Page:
The Car and Truck Fleet and Leasing Management Magazine

Study: Consumers Want New Crash Avoidance Technologies

March 19, 2008

ROCHESTER, N.Y. --- A new Harris Interactive AutoTECHCAST study finds that half of respondents express an interest in purchasing blind-spot detection technology for their next new vehicle -- ranking it tenth among 66 unique technologies measured in the 2008 AutoTECHCAST study. Three in ten (29 percent) adults that evaluated lane-departure warning technology show interest in purchasing this technology.

While there is an interest in these new technologies, the survey finds that drivers are not ready to give up steering or helm control of their cars. Nearly three-quarters (73 percent) of considerers indicate they prefer that the system warn them, by way of noise or vibration, of the vehicle in their blind spot, but that they would prefer to take the necessary action to avoid the collision. Regarding lane departures, the majority (62 percent) indicate that they prefer a system that warns them their vehicle is drifting but they would prefer to make the necessary maneuver to correct the situation.

The new Harris Interactive 2008 AutoTECHCAST study, an annual survey of adult vehicle owners in the United States, includes blind-spot detection and lane departure warning as well as 64 other unique technologies spanning across several categories including: comfort & convenience, exterior, glass, HVAC, intelligent sensing, interior, lighting, powertrain & alternative fuels, ride & handling, safety, and telematics, entertainment & audio.

Blind-spot detection is a system that can identify vehicles or objects within a vehicle's blind spots and provide an audible warning, a visual warning and/or vibrate the vehicle's steering wheel or seat if a lane change is attempted. The technology makes the driver aware of the vehicles located in the blind spots and prevents crashes due to vehicle collisions during lane changing, as defined in the AutoTECHCAST study.

When it comes to blind-spot detection and warning, half of those who evaluated the technology, by reading a short description of its functionality and benefits, indicate they are at least likely to include it in their next vehicle. When made aware of an estimated market price of $600, interest -– as measured prior to the introduction of market prices -- decreases to 29 percent.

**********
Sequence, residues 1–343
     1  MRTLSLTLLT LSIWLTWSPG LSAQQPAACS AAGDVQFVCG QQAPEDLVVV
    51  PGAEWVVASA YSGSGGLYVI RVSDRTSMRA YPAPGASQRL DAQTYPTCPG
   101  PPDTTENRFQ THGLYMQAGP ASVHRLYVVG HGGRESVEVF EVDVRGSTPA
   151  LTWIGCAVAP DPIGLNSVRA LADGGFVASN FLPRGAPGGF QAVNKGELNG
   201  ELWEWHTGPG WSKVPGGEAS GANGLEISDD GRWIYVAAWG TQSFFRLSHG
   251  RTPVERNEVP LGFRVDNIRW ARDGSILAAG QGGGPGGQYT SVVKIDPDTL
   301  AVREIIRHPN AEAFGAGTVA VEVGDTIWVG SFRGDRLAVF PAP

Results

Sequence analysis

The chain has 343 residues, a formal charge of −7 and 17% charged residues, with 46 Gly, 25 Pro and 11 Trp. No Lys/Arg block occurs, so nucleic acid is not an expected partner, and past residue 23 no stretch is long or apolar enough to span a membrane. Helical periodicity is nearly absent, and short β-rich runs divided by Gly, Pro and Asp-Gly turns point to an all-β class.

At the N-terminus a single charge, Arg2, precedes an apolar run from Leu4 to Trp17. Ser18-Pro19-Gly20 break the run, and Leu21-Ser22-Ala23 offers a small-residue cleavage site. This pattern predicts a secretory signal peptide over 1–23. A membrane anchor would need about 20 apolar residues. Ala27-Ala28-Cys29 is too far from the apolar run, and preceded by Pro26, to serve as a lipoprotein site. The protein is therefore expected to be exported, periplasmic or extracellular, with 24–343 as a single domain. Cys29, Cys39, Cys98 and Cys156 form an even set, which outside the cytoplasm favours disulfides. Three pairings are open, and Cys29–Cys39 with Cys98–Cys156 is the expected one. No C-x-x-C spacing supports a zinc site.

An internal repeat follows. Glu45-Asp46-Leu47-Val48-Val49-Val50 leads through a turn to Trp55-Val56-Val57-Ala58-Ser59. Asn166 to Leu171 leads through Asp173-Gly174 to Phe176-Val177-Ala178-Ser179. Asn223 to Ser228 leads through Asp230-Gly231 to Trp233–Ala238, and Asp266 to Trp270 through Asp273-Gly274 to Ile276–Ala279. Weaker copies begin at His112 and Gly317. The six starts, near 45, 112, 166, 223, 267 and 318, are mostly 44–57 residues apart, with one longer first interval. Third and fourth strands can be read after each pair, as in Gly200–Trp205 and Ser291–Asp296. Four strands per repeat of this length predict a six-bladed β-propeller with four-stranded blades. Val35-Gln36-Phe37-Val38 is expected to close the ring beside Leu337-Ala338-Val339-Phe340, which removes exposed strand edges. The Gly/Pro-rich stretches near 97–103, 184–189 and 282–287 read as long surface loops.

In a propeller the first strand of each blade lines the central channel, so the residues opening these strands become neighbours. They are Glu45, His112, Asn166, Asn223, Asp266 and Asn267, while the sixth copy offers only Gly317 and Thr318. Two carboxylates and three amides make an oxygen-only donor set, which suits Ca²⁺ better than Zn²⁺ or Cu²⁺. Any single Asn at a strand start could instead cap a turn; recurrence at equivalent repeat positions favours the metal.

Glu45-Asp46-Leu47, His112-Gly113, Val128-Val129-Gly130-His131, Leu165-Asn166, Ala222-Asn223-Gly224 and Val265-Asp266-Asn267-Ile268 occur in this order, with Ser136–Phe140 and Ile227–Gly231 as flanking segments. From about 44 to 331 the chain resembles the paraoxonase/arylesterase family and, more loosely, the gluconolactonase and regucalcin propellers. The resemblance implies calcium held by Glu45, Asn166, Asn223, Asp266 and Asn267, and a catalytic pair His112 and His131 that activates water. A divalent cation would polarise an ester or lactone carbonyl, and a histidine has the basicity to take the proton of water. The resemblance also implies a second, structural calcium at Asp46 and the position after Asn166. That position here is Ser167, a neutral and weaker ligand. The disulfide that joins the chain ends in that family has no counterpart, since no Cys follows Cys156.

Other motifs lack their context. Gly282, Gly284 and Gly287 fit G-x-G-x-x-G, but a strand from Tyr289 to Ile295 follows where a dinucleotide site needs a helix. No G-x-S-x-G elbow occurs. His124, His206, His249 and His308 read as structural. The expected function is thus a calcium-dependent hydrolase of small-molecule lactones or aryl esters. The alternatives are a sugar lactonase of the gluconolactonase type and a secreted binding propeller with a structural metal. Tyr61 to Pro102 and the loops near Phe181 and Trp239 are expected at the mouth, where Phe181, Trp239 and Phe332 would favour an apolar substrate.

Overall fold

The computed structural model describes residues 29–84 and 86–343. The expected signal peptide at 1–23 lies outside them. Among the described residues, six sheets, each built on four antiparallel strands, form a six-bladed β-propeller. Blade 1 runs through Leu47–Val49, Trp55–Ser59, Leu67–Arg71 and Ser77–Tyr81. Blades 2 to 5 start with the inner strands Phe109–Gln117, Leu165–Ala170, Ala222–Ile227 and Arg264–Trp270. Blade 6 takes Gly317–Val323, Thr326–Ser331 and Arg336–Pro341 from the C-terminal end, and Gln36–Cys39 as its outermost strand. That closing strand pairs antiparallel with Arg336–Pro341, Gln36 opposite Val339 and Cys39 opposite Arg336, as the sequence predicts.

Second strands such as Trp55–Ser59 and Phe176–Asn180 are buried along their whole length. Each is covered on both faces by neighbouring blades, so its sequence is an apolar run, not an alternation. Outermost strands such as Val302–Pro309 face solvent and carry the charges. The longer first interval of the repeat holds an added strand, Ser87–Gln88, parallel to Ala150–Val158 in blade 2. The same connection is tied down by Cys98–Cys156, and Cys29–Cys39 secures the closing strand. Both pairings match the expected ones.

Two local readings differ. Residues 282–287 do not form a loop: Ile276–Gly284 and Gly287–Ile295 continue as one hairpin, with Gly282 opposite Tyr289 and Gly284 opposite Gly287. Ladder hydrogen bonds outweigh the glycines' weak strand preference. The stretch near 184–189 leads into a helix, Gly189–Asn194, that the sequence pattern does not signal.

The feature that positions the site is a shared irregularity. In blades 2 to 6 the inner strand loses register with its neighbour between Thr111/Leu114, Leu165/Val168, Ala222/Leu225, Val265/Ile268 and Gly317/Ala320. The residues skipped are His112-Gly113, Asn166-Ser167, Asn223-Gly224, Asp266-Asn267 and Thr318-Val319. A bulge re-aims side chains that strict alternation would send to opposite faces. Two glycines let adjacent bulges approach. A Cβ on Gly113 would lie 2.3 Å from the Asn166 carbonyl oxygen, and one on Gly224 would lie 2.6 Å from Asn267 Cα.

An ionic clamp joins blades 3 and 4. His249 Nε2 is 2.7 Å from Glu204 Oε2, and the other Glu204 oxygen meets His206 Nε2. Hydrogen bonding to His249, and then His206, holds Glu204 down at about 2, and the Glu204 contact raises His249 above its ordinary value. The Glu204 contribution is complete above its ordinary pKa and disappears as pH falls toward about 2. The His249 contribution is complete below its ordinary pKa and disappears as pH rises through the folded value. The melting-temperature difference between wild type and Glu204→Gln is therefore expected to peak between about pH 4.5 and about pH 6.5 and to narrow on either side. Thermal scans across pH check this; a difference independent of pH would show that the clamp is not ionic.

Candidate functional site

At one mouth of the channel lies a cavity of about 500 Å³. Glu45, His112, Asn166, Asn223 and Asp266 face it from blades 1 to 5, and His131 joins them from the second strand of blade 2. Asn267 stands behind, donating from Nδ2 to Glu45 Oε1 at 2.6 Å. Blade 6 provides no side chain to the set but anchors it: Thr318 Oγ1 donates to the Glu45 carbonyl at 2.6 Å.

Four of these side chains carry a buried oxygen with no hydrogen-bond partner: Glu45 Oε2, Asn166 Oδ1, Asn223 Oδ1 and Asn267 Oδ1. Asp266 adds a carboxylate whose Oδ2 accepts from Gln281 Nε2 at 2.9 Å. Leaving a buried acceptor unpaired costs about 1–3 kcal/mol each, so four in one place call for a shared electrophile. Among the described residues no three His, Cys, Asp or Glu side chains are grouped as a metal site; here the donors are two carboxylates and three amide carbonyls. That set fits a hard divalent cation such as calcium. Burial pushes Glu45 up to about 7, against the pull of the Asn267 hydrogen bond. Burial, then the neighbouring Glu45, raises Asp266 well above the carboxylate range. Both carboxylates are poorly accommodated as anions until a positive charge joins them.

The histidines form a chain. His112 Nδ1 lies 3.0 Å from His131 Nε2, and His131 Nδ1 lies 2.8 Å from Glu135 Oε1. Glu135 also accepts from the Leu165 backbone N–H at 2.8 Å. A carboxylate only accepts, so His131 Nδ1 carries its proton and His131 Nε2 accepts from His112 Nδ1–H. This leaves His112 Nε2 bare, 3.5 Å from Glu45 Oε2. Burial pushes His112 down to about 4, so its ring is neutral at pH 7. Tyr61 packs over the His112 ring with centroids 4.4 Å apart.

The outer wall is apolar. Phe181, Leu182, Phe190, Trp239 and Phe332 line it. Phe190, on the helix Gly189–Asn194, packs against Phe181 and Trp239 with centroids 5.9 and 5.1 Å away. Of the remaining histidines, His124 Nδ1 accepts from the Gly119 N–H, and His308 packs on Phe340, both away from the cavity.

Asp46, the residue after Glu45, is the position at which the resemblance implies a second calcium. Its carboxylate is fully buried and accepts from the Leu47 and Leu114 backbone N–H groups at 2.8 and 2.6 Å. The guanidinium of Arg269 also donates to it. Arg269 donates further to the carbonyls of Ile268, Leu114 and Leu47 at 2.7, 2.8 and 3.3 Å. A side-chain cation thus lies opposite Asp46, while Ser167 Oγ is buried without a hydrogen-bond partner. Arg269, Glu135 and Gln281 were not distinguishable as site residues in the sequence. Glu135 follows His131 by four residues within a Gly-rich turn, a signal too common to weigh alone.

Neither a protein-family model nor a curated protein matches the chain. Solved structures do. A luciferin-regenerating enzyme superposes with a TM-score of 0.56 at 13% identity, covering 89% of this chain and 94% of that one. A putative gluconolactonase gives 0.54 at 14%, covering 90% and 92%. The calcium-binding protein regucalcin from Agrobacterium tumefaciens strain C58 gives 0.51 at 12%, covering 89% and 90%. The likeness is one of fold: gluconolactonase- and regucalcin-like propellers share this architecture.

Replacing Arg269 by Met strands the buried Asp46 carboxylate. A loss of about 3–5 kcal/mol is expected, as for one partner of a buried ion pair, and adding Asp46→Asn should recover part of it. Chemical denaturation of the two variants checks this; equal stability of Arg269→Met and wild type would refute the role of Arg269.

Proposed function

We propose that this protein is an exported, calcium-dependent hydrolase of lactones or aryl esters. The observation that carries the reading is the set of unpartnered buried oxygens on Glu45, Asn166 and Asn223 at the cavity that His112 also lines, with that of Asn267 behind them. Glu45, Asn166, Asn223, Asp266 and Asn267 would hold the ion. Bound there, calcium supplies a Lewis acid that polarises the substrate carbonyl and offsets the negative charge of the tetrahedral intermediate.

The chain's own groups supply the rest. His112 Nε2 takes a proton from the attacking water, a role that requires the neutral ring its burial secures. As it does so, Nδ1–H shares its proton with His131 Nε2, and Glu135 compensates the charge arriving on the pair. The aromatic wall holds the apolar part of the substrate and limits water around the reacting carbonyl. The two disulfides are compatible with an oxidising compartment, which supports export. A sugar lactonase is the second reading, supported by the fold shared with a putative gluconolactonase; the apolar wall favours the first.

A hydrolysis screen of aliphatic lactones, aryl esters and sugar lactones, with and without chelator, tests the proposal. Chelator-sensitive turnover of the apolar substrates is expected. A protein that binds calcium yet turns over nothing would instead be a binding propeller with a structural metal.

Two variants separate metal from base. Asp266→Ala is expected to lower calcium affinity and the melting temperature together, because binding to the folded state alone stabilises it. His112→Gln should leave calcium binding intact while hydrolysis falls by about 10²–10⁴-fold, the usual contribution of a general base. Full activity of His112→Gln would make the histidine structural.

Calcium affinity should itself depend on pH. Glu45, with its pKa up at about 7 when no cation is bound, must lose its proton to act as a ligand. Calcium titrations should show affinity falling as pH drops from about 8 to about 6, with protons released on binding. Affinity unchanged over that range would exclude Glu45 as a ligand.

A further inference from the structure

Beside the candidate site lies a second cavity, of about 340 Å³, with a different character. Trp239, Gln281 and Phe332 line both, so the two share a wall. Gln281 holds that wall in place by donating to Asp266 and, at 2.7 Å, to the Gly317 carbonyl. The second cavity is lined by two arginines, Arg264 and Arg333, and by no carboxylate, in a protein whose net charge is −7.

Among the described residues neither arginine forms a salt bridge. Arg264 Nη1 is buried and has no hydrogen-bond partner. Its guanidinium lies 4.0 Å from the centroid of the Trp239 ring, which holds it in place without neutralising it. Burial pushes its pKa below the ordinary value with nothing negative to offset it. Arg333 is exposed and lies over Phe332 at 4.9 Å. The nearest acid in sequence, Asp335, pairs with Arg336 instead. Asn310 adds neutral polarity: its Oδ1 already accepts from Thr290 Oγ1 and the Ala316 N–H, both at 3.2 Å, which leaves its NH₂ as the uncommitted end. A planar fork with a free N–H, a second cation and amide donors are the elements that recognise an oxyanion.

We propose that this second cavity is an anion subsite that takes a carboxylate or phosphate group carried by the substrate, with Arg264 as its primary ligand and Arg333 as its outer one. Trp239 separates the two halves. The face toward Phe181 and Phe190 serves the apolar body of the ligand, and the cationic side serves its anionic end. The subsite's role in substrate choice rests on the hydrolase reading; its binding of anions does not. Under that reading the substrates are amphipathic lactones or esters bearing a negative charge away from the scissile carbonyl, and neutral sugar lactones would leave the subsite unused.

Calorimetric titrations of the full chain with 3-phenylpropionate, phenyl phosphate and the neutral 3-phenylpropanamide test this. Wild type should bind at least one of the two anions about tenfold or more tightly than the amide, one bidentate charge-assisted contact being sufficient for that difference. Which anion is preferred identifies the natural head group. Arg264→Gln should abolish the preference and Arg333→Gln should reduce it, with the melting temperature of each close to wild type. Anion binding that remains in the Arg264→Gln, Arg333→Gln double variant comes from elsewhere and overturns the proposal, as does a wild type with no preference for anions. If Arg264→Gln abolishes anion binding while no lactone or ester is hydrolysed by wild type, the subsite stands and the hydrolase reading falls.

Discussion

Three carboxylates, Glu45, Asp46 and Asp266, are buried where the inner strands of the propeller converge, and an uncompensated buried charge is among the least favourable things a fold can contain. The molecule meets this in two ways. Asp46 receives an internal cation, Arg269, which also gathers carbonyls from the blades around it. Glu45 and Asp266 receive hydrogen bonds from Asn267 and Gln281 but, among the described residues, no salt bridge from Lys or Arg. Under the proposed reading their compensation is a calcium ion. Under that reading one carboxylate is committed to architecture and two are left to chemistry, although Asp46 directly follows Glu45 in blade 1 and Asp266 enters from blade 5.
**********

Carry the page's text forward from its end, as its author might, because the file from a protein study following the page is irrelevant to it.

"This reaction shows that drivers see the benefit of blind spot warning," said Steve Lovett, director of Harris Interactive's automotive and transportation research practice. "Our research also demonstrates strong preference on consumers' behalf to stay safe yet in control at the same time. This is an important insight that marketers and brand managers need to understand to position this technology effectively."

As defined in AutoTECHCAST, lane-departure warning detects when a vehicle is wandering out of its lane -- without a turn signal being activated -– and triggers a warning to the driver. As with blind-spot detection, the warning can be audible, visual and/or physical (e.g., vibration in the seat or steering wheel) and prevents drivers from inadvertently entering other lanes.

While initial consideration for lane departure warning is much lower than for blind-spot detection and warning (29 percent versus 50 percent respectively), drivers who evaluated lane-departure warning have similar opinions regarding these new technologies and their level of control. Comparable to blind-spot detection and warning, consideration for lane departure decreases to 21 percent, once respondents are made aware of the estimated market price of $400.

These new innovative technologies beg the question: are drivers ready to give up control of their vehicles to allow it to take corrective action? At this time, the answer is no, Harris Interactive said.